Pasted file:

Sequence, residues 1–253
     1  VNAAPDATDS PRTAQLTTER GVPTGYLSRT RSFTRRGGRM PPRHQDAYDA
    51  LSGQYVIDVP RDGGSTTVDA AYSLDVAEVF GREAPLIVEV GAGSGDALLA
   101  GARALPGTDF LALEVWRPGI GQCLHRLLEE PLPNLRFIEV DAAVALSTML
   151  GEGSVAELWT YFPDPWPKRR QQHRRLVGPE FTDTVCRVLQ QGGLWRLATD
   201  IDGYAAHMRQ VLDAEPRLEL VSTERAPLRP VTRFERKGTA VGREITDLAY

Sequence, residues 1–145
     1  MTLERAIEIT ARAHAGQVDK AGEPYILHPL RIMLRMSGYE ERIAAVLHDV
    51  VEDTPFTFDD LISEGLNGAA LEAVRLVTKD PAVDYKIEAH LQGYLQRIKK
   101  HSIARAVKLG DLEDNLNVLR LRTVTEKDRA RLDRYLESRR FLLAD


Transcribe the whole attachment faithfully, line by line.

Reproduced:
Sequence, residues 1–253
     1  VNAAPDATDS PRTAQLTTER GVPTGYLSRT RSFTRRGGRM PPRHQDAYDA
    51  LSGQYVIDVP RDGGSTTVDA AYSLDVAEVF GREAPLIVEV GAGSGDALLA
   101  GARALPGTDF LALEVWRPGI GQCLHRLLEE PLPNLRFIEV DAAVALSTML
   151  GEGSVAELWT YFPDPWPKRR QQHRRLVGPE FTDTVCRVLQ QGGLWRLATD
   201  IDGYAAHMRQ VLDAEPRLEL VSTERAPLRP VTRFERKGTA VGREITDLAY

Sequence, residues 1–145
     1  MTLERAIEIT ARAHAGQVDK AGEPYILHPL RIMLRMSGYE ERIAAVLHDV
    51  VEDTPFTFDD LISEGLNGAA LEAVRLVTKD PAVDYKIEAH LQGYLQRIKK
   101  HSIARAVKLG DLEDNLNVLR LRTVTEKDRA RLDRYLESRR FLLAD